Take the 2-minute tour ×
Stack Overflow is a question and answer site for professional and enthusiast programmers. It's 100% free, no registration required.

I'm currently writing an application that moves Notes documents between databases based on the amount of days that have elapsed from the creation/modified/last accessed dates. I would just like to get ideas on a simple and convenient way to create documents with specific dates, without having to change the time on the Domino server, so that I could test out my application.

The best way I found so far was to create a local replica and change the system clock to the date I want. Unfortunately there are problems associated with this method. It does not work on the modified date - I'm not sure how it is getting the modified date information when the location is set to Island (Disconnected) - and it also changes the modified and last accessed dates when the documents are replicated to the server replica.

Someone suggested trying to create a DXL of the document, modify the date time in the DXL file, then import it back into the database as a Notes document; but that does not work. It just takes on the date-time that it was created.

Can anyone offer any other suggestions?

share|improve this question

3 Answers 3

up vote 3 down vote accepted

You can set the created date for a document by setting the UNID (which is fundamentally a struct of timestamps, although the actual implementation has changed in recent versions). Accessed and modified times, though, would be unsettable from within the Notes/Domino environment, since the changes you make would be overwritten by the process of saving the changes. If you have a flair for adventure and a need to run with scissors, you could make the changes in the database file itself either programmatically from an external application, or manually with a hex editor. (Editing the binary will work -- folks have been using hex editors to clear the "hide design" flag safely for years. Keep in mind that signed docs will blow up badly, and that you need to ensure that local encryption is off for the database file.)

share|improve this answer
    
upvote for this priceless caveat emptor: "If you have a flair for adventure and a need to run with scissors..." –  booyaa Nov 4 '11 at 15:00

There's actually a very simple way to spoof the creation date/time: just add a field called $Created with whatever date/time you want. This is alluded to in the Notes C API header file nsfdata.h:

Time/dates associated with notes: OID.Note Can be Timedate when the note was created (but not guaranteed to be - look for $CREATED item first for note creation time) Obtained by NSFNoteGetInfo(_NOTE_OID) or OID in SEARCH_MATCH.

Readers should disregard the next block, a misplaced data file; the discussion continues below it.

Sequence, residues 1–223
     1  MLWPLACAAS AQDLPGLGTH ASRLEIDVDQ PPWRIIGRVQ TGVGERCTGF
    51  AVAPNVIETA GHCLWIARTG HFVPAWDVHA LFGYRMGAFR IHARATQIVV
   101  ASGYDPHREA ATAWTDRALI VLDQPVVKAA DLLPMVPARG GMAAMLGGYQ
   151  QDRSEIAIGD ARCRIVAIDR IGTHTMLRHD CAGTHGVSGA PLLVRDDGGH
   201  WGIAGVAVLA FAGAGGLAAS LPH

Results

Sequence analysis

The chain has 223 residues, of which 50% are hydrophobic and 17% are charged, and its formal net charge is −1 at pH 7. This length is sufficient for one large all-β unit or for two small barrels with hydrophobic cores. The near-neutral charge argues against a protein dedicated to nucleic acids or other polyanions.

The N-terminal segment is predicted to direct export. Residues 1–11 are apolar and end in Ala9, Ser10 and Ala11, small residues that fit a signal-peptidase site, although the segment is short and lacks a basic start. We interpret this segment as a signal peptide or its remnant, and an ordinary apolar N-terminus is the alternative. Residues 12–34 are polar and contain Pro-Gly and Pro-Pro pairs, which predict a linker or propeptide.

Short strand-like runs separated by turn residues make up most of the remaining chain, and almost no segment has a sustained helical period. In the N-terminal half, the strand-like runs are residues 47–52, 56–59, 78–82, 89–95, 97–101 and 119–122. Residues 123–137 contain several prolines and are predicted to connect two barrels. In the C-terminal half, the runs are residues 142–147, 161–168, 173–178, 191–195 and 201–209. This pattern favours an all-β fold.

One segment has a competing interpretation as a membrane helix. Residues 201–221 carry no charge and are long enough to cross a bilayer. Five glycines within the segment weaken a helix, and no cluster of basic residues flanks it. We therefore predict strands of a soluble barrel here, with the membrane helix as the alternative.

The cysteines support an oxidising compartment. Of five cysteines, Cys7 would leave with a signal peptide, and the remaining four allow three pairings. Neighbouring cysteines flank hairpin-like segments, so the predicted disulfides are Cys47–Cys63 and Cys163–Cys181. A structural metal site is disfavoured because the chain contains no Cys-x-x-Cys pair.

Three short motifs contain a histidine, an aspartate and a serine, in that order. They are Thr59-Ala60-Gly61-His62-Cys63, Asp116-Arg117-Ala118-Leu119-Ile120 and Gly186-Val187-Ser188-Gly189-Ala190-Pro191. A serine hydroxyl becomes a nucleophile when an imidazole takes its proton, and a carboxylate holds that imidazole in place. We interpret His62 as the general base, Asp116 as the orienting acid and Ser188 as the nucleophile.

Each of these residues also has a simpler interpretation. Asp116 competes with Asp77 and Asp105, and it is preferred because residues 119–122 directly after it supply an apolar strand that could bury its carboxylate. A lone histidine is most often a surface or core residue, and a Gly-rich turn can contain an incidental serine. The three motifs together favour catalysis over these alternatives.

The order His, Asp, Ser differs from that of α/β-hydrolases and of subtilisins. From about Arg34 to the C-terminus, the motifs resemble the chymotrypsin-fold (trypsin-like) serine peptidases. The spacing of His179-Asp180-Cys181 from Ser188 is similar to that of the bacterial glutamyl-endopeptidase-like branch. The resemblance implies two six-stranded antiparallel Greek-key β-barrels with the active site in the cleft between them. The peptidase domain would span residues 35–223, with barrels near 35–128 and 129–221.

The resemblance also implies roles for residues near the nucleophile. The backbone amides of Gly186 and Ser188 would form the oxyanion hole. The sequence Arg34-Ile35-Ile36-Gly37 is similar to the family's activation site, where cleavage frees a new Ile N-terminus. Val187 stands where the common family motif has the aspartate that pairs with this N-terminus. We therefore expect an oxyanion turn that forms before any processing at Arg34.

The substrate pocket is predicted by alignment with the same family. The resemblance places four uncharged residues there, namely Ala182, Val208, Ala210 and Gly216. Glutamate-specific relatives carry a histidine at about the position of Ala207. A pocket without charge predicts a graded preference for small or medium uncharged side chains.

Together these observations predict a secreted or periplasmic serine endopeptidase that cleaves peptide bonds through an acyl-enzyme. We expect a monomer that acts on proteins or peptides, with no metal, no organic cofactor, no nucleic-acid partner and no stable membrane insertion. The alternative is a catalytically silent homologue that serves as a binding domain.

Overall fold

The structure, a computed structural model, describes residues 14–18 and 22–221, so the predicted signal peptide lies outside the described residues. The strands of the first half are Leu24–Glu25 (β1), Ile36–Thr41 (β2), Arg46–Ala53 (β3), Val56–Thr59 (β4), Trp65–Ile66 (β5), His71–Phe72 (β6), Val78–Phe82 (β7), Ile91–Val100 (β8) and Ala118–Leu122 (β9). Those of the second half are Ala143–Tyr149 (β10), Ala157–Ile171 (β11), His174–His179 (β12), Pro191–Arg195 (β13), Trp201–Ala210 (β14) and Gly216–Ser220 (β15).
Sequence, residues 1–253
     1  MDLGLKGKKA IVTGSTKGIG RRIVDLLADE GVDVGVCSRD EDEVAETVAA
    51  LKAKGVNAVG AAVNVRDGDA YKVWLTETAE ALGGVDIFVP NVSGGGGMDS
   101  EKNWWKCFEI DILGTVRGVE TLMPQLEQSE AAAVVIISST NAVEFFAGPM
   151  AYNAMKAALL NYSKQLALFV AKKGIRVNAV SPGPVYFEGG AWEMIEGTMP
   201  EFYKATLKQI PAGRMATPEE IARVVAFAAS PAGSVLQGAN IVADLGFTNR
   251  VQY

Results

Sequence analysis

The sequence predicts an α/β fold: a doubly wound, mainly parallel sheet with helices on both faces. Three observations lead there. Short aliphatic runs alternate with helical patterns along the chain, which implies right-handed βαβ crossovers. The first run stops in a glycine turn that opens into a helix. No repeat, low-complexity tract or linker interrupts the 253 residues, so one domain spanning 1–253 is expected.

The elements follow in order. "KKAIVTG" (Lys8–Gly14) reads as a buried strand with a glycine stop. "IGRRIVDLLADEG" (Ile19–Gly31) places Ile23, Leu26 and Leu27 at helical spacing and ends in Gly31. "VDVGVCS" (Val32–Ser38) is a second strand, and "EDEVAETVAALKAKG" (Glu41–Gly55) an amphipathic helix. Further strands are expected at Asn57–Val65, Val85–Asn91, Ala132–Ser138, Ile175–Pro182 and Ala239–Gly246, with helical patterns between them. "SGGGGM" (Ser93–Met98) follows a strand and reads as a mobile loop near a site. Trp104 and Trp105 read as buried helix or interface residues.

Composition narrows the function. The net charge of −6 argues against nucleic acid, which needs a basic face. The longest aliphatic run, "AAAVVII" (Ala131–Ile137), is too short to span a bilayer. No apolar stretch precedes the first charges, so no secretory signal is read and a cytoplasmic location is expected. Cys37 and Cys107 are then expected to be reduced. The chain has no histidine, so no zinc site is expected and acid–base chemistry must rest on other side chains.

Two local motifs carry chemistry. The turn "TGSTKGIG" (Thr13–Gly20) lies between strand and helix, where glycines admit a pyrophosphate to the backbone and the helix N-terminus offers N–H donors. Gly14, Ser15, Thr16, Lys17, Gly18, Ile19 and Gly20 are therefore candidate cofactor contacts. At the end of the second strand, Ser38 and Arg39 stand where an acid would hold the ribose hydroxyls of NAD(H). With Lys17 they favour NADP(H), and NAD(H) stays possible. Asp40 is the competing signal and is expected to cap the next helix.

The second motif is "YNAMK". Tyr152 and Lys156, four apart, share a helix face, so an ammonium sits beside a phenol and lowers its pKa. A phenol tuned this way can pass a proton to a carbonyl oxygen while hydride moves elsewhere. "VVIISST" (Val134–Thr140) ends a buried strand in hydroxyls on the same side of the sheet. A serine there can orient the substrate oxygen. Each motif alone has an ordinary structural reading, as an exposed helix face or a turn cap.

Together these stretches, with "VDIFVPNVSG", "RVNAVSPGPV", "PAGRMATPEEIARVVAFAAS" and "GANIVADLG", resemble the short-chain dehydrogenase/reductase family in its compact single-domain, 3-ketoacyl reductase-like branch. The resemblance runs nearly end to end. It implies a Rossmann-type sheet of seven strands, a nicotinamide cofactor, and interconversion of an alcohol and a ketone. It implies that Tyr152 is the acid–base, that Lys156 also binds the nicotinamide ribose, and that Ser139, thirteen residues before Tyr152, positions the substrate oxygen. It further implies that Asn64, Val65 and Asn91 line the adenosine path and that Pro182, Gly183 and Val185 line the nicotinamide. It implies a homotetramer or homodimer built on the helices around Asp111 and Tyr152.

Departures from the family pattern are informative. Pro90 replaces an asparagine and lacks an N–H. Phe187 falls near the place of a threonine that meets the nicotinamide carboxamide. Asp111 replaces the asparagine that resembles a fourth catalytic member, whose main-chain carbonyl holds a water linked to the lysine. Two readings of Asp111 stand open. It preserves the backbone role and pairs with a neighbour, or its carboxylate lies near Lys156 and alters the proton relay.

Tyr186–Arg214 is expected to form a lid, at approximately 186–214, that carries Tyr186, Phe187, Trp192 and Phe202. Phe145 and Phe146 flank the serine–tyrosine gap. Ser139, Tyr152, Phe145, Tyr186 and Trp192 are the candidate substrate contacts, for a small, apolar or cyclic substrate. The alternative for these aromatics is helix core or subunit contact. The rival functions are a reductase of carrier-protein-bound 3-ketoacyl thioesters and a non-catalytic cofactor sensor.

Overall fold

Unfortunately, there's no analogous technique for spoofing the mod or access dates. At least none that's ever been documented, as far as I know.

share|improve this answer

I imagine given how dependent Lotus Notes is on timestamps (for replication, mainly), there isn't an API call that allows you to change the modified, created, or last access dates of a note. (More on the internals of Lotus Notes can be found here.)

I dug around the Notes C API documentation, and found only one mention on how to get/set information in the note's header, including the modified date. However, the documentation states that when you try to update that note (i.e. write it to disk), the last modified date will be overwritten with the date/time it is written to disk.

As an alternative, I would suggest creating your own set of date items within the documents that only you control, for example MyCreated, MyModified, and MyAccessed, and reference those in your code that moves documents based on dates. You would then be able to change these dates as easily as changing any other document item (via agents, forms, etc.)

For MyCreated, create a hidden calculated form field with the formula of @CREATED or @NOW. Set the type to computed when composed.

For MyModified, create a hidden calculated form field with the formula @NOW, and set the type to computed.

MyAccessed gets a bit tricky. If you can do without it, I suggest you live work with just the MyCreated and MyModified. If you need it, you should be able to manage it by setting a field value within the QueryOpen or PostOpen events. Problems occur if your users have only read access to a document - the code to update the MyAccessed field won't be able to store that value.

Hope this helps!

share|improve this answer
    
Thanks. I found your links quite informative - although I am not too keen on the idea of creating custom fields as a solution to the problem. This is because I encountered a database in the past where someone did this and they coded the application in such a way where the fields where not updating correctly. This was causing confusion in the search results when users viewed the document's properties. –  methon.dagger May 27 '10 at 0:14
    
It is definitely a concern. You're not really hooking up to the correct events with the solution I proposed. You would need instead something like an Insert and Update trigger in SQL. Unfortunately, there's no way to do that in Notes in one place, so you would have to make sure you cover all cases where the document is created or updated. It is definitely possible if you are familiar with all the code, but I understand your hesitation. –  Ken Pespisa May 27 '10 at 13:31

Your Answer

 
discard

By posting your answer, you agree to the privacy policy and terms of service.

Not the answer you're looking for? Browse other questions tagged or ask your own question.